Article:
We acknowledge the Gadigal of the Eora Nation, the traditional custodians of the Country on which the Art Gallery of NSW stands.



circa 1660-1685


Arita ware


  • Details

    Other Titles
    Imari ware kendi
    Kendi with design of landscape
    Place where the work was made
    Arita Japan
    Edo (Tokugawa) period 1615 - 1868 → Japan
    circa 1660-1685
    Media category
    Materials used
    porcelain with underglaze blue decoration
    8.5 cm diam. of rim; 20.6 x 18.1 cm
    Signature & date

    Not signed. Not dated.

    Gift of Lesley Pockley 1986
    South Building, lower level 1, Asian Lantern galleries
    Accession number

    Reproduction requests

    Artist information
    Arita ware

    Works in the collection


  • About

    The 'kendi', a drinking water vessel with a spout but no handle, is a form distinct to Southeast Asia, where it has a long history. The name is thought to derive originally from the Sanskrit word 'kundika' meaning a water vessel, and was an attribute of Hindu and Buddhist deities. Made in China as early as the Yuan dynasty, it was also known as a 'gorgolet' (from the Portuguese 'gorgoletta'). The main markets were Indonesia and Malaysia, and Chinese, Japanese and Thai potteries catered to this market, as well as local potteries. The shape became popular in Europe in the 1600s, as evidenced by its frequent appearance in 17th-century Dutch still life paintings.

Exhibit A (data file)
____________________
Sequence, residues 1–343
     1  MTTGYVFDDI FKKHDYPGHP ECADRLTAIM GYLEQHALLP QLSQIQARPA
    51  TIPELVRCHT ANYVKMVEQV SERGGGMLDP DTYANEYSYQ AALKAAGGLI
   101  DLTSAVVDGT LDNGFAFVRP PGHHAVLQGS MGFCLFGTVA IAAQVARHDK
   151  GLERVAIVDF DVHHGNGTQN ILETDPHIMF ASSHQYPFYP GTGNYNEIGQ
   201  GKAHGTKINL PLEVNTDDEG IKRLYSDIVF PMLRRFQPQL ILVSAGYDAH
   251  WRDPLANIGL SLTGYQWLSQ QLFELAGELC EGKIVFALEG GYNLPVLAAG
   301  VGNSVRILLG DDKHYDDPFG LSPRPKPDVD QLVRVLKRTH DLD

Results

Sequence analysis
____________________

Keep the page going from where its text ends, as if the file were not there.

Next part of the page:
The Asian Collections, AGNSW, 2003, pg.138.

    Arita ware or Imari ware?

    Arita ware (porcelain made around the Arita region) is commonly referred to as 'Imari ware' both in Japan and overseas because porcelain products from the region were transported to domestic and overseas markets through the port of Imari, approximately 15km north of Arita. For the sake of consistency, all porcelain works produced during the Edo period in the Art Gallery of New South Wales collection are catalogued according to the production site, e.g. Arita ware and Hasami ware.

    Imari itself was home to the Nabeshima ware, exclusively produced at the Ôkawachi kilns for official use of the ruling Nabeshima clan. With the establishment of the Meiji government in 1868 the independent fiefs of the Edo period were replaced by prefectures in 1871, and the Ôkawachi kilns entered the free market. The term 'Imari ware' (or Ôkawachi ware) now applies to works produced in Imari from 1871 to the present.

  • Places

    Where the work was made


  • Exhibition history

    Shown in 1 exhibition

    • Elemental, Art Gallery of New South Wales, Sydney, 30 Jul 2022–2024

  • Bibliography

    Referenced in 1 publication

  • Provenance

    Lesley Pockley, pre 1986, Sydney/New South Wales/Australia, donated to the Art Gallery of New South Wales, Sydney, June 1986.

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